Our athletic history will always impact how we approach our next physical challenge. Whether starting a lifting program, training for a racing event, passing a fitness test or getting through basic training or spec ops selection, our athletic history will determine where our strengths and weaknesses are as we start.
Here is an email from a muscle stamina and endurance athlete who has identified a weakness with lifting heavier weights.
Hi Stew. I have a calisthenics and running background that I've practiced for 3 years. Do you think it's a good idea to focus on lifting for a year? I'm weak with weighted exercises, especially legs. Thanks, Flavio.
Flavio, great question. If you want to diversify your training, then a cycle of lifting is a smart decision, but that cycle does not have to last a full year. If you want to maintain a reasonable level of your hard-earned muscle stamina and cardio conditioning, perhaps try a 12-week lifting cycle. If you like the results, try another 12 weeks. After that, consider taking a break from lifting and go back to what you have enjoyed for the past three years.
I have been using the system of Seasonal Tactical Fitness Periodization for nearly 25 years. This system enables you to work on weaknesses while maintaining athletic strengths. Maintain your long-time athletic strengths and diversify your abilities by mastering all the elements of fitness: strength, power, speed/agility, muscle stamina, multiple modes of endurance, flexibility, mobility and grip.
How to Maintain What You Have
Mix in calisthenics as a warmup prior to your lifting workouts, then lift a variety of weights. Start with lighter weight and more repetitions, then add weight with fewer repetitions over time. After the lift section of your workout, cool down with a short and moderate-paced cardio session.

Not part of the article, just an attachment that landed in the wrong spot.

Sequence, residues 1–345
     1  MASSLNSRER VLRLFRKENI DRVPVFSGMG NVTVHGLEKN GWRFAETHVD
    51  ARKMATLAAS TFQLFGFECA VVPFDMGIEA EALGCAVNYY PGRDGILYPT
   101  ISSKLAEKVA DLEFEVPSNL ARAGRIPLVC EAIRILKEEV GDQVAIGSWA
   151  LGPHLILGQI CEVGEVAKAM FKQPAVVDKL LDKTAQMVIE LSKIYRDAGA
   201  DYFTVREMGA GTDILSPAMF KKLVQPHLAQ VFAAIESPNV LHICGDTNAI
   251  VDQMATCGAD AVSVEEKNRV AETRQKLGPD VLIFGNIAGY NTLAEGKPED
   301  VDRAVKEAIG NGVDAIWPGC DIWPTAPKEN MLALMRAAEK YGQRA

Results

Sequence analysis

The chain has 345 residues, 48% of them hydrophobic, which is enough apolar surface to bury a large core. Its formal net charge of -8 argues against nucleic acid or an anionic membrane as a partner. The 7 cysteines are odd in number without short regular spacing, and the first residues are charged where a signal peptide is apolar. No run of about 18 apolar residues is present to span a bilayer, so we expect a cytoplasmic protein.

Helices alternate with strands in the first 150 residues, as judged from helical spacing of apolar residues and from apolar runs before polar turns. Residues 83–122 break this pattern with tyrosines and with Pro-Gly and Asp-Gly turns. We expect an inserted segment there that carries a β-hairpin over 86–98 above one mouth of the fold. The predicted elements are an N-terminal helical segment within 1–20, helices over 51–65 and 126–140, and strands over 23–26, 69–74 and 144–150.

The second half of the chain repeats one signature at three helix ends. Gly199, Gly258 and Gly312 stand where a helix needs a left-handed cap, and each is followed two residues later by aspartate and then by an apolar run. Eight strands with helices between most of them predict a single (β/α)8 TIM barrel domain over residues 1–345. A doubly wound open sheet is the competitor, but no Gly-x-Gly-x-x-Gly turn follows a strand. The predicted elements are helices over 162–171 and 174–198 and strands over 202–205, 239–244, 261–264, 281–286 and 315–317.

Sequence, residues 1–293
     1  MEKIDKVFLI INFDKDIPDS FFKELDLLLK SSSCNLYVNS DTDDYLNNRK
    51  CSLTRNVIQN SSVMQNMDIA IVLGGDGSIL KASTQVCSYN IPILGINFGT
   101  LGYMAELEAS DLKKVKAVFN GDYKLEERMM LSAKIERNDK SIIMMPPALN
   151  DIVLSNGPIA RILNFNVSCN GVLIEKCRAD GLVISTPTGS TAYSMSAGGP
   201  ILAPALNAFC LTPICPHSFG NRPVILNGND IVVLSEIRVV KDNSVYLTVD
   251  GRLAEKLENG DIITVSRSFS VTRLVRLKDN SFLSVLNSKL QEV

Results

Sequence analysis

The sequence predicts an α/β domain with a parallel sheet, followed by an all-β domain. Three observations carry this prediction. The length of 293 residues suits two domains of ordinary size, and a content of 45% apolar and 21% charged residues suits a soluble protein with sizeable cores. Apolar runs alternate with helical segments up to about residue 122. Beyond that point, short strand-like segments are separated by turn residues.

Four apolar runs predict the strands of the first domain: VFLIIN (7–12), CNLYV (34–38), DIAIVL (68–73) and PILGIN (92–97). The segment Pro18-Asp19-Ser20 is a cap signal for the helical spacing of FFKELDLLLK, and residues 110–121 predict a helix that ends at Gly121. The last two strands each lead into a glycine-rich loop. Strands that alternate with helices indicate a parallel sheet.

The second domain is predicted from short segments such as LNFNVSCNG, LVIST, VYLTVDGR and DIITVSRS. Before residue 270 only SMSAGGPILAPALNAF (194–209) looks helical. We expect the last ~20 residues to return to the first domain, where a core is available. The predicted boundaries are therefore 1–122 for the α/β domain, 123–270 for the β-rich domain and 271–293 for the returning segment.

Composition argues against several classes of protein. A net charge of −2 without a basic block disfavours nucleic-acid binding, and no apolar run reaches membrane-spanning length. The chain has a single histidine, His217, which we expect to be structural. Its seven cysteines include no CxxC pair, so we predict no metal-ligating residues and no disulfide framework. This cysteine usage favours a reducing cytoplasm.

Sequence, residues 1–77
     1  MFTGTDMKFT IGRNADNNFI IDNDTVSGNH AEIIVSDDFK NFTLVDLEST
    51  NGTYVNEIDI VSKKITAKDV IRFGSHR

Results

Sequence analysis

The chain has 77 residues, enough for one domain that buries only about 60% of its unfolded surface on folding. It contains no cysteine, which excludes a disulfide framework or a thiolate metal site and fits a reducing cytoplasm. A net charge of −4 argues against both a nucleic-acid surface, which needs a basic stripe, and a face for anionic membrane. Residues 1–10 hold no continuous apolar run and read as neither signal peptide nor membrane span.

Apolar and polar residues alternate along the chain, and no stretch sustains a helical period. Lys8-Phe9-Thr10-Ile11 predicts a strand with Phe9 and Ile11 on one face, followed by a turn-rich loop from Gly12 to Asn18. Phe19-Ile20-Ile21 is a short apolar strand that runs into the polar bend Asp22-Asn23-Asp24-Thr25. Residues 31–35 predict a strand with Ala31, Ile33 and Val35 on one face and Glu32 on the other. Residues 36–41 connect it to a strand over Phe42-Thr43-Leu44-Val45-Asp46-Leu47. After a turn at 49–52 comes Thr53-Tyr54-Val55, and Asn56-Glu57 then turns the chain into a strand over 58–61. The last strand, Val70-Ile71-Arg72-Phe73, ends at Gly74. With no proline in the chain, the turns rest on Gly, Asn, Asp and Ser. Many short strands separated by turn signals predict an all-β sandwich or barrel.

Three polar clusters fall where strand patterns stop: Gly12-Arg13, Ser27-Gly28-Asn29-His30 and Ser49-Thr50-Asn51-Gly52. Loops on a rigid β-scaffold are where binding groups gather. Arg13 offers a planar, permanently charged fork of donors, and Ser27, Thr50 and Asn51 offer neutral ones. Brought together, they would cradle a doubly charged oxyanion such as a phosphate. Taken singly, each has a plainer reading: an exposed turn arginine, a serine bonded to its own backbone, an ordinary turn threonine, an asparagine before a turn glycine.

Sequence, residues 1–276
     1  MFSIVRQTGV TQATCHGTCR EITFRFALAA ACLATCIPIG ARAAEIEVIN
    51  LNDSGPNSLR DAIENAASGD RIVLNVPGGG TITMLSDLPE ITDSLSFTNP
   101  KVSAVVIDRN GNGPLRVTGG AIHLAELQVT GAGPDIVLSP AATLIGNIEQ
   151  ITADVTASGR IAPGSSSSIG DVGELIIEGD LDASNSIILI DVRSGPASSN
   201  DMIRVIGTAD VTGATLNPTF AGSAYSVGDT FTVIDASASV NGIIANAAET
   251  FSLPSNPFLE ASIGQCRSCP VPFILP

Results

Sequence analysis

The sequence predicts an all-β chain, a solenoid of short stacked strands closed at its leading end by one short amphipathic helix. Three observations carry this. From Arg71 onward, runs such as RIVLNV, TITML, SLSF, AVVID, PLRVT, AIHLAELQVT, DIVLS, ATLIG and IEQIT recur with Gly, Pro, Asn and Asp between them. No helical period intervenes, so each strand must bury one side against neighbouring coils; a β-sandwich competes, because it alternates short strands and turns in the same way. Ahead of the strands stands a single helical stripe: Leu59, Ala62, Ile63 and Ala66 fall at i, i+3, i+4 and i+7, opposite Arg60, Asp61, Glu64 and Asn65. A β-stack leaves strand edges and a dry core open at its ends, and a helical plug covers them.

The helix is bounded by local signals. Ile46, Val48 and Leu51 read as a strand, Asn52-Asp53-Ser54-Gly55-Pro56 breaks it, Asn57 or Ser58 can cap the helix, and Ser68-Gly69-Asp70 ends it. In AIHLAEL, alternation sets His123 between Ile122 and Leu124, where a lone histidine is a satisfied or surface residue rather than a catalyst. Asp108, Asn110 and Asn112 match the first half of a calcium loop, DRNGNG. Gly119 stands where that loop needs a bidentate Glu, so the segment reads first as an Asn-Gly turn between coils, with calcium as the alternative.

It is fine to mix each day's cardio options with running, biking, walking with weight, swimming or rowing. If you prefer to play sports like soccer or basketball as your cardio, that is fine, too.
Squat/run pyramid 1-10 warmup with easy paced 100-meter runs
- 1 squat, run 100 meters
- 2 squats, run 100 meters
- 3 squats, run 100 meters
- Keep going up to 10 squats and stop
Continue the warmup with a one-mile run or 10 minutes on the bike.
Leg Day Lift
Repeat three times.
- Kettlebell deadlifts (RDLs): 10 reps
- Step-ups: 10 per leg
- Hanging knee-ups: 10-15 reps
- Easy bike or jog: 5 minutes
Repeat three times.
Barbell or kettlebell squats: 10
Kettlebell swings: 20
Kettlebell farmer walks: 50 meters
Walking lunges: 10 per leg (weighted or not)
Swim, bike, run or other cardio exercise: 20 minutes
Swim workout or Bike Pyramid: 20 minutes
Tread or Swim
Warm up: 5 minutes
Repeat 10 times.
Swim: 100 meters with fins Rest: 25-meter turtleback (swim on back with flutter kicks)
Dynamic stretch in chest-deep water: 5-10 minutes
The amount of cardio in the warmup and cooldown is up to you. If the goal is to gain muscle mass, you may want to reduce some of the cardio activity, as it will require eating even more calories at the end of each day in order to see a steady weight gain of about a pound a week.
-- Stew Smith is a former Navy SEAL and fitness author certified as a Strength and Conditioning Specialist (CSCS) with the National Strength and Conditioning Association. Visit his Fitness eBook store if you're looking to start a workout program to create a healthy lifestyle. Send your fitness questions to firstname.lastname@example.org.
Want to Learn More About Military Life?
Whether you're thinking of joining the military, looking for fitness and basic training tips, or keeping up with military life and benefits, Military.com has you covered. Subscribe to Military.com to have military news, updates and resources delivered directly to your inbox.